Historically, whenever a brutal dictatorship teetered on the edge of collapse, left-wing movements and media worldwide stood up in support of the freedom fighters. For instance, the autocracy in Nicaragua which lasted until July 1979 and proceeded the fall of the Pres. Anastasio Somoza had liberal media worldwide in a campaign which completely discredited Somozas Administration. The turning point was the assassination of journalist Bill Stewart by a soldier of the regular Nicaraguan Army, captured on the video camera of a fellow journalist and promptly distributed throughout the world.
Something similar has recently happened in Iran. A Canadian-Iranian photojournalist, Zahra Ziba Kazemi, was raped and murdered (at the instigation of Tehran prosecutor Saeed Mortezavi) in June 2003 while detained after being arrested for filming anti-Government riots outside the political prison of Evin in Tehran. After an initial pathetic attempt to cover up this assassination, [the Islamic Republic officials injected her body with rapid decomposing chemicals and burying her hastily] essentially refusing to return her body to Canada, in spite of an official request made by her family and demand by the Canadian Government. The murder of Ms Kazemi, however, did not provoke the same amount of public outrage which forced Nicaraguan Pres. Somoza to step down.
For weeks during the month of June 2003 and on the occasion of the July 9, 2003, anniversary of the 1999 University protests in Iran, the opposition movement inside Iran challenged the authority of the Administration, marching and rallying, chanting anti-Government slogans, defying the guns and death squads of the various mullahs in key posts. As a result, thousands of political activists, students, and others, were rounded up and packed into prisons, subjected to torture, and in some cases murdered.
It is instructive to compare and contrast the articles about Nicaragua that appeared in liberal newspapers in 1979 and the articles about Iran today. In 1979 not a single liberal journalist strove to be neutral. From the perspective of the political left, there was no doubt: Somoza and his Government had to go.
The situation is totally different today. If it is to succeed, the growing opposition movement inside Iran needs tangible support from the West. Freedom fighters need laptops, fax machines and cellular phones to organize the uprising. If the Iranian opposition is to succeed, it also needs support from international media. But, significantly, that is not happening. The basic ingredients of the political situation in Iran a growing opposition movement fighting against a leadership which oppresses the vast majority of the population would normally be considered to be the perfect ingredients for a left-wing recipe to galvanize the masses in the name of freedom and democracy. It worked for Nicaragua, at the end of the 1970s; it worked for Poland and Solidarnosc in the 1980s. The question for analysts today is why the same recipe has failed to take hold in Iran.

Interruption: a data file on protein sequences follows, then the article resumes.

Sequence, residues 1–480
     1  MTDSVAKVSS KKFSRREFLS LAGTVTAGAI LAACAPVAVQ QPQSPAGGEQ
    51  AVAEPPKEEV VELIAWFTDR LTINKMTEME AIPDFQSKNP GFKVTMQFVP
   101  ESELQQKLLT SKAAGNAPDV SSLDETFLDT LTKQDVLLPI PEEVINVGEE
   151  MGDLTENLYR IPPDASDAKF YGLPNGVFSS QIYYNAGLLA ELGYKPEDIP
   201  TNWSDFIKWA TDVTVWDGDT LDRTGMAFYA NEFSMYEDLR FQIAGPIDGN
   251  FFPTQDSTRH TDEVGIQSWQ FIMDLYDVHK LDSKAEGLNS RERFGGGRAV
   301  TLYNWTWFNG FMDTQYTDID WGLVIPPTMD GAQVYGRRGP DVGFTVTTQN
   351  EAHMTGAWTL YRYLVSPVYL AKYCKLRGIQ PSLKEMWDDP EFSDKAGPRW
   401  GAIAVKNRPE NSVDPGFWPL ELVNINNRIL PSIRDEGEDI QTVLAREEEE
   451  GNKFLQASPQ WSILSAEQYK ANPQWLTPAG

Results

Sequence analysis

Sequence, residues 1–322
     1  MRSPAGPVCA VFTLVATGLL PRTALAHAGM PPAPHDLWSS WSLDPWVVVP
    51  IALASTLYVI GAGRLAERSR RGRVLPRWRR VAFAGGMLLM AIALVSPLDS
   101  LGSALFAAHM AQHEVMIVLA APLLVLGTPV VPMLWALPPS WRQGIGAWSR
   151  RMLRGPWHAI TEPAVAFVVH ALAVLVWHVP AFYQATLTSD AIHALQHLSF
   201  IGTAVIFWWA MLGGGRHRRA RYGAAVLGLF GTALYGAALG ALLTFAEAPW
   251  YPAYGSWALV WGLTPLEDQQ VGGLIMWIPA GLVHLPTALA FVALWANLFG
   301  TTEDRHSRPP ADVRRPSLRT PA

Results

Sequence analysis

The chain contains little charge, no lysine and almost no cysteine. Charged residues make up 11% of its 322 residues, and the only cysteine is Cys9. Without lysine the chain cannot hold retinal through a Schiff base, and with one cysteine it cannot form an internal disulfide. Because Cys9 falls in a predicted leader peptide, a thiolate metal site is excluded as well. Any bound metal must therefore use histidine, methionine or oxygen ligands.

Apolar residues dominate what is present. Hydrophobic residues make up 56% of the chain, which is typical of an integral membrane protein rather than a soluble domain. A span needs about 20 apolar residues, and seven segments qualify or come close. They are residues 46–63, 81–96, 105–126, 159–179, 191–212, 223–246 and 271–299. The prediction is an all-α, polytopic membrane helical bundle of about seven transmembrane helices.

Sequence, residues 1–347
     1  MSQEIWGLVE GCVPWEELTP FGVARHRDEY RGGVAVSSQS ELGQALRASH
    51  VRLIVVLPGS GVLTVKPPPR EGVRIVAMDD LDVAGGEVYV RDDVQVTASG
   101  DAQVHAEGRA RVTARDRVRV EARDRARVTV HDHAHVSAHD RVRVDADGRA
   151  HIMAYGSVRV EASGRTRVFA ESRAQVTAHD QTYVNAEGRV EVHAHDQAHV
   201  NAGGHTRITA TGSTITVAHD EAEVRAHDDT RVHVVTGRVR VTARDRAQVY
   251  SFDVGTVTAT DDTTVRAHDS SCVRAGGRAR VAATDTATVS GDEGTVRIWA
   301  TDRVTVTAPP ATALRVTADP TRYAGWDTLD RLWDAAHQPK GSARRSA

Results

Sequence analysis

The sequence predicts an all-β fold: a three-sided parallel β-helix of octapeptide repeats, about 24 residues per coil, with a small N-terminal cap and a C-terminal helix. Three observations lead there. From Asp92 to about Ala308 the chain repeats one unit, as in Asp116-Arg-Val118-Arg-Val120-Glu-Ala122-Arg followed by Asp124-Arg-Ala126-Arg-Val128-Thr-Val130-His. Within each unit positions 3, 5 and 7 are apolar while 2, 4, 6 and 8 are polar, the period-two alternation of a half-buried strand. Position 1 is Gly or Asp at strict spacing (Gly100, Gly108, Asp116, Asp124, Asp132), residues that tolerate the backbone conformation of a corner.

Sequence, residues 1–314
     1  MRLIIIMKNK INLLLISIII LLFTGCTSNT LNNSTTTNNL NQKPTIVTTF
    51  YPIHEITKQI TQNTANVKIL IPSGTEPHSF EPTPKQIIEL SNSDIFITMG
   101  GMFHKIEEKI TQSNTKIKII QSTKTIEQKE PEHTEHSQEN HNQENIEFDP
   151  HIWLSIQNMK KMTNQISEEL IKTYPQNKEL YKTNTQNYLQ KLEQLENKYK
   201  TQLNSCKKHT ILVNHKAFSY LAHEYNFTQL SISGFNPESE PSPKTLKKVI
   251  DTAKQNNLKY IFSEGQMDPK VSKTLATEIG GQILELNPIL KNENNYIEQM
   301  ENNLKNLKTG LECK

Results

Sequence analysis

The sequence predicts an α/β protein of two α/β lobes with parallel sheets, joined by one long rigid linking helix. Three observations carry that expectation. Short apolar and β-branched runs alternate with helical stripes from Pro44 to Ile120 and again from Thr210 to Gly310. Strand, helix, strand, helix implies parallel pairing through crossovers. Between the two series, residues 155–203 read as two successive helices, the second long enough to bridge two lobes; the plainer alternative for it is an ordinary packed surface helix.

Mainstream US liberal media barely reported on the Iranian uprising which occurred at the end of June and beginning of July 2003. Instead of praising the opposition demonstrators who literally risked their lives, soon after the end of the uprising, The New York Times, which in spite of recent scandals still remains one of the most prestigious national newspapers, published an Op-Ed by Mr Reza Aslan, a visiting professor of Islamic Studies at the University of Iowa.
In that article, Mr Aslan argued that the Iranian opposition was fighting for a religious democracy, not secularism, and religion must play a rôle in the country. Mr Aslan completely misrepresented the reality of Iran, and could not be further from the truth. The New York Times, by publishing that article, sided with those who sought to maintain the status quo in Iran. The most prominent Shiite scholars, ayatollahs like Taheri and Montazeri, have distanced themselves from the political clergy (Khamnei and Rafsjani), openly criticizing the very concept of Islamic Republic. Hossein Khomeini, himself an ayatollah and the grandchild of the Islamic revolutions very leader, recently joined Taheri and Montazeri, criticizing religious interference in State matters, in a significant blow to the theocratic establishment. Mr Khomeini left Iran, and is now in Najaf, Iraq, which has once again become the most prominent Shiite theological center, relegating the Iranian holy city of Qom to a secondary rôle. Coalition forces in Iraq recently discovered a plot to assassinate Hossein Khomeini organized by the Shiite extremists sent by Irans Supreme Leader, Ayatollah Khamenei and former Pres. Rafsanjanis assassination teams.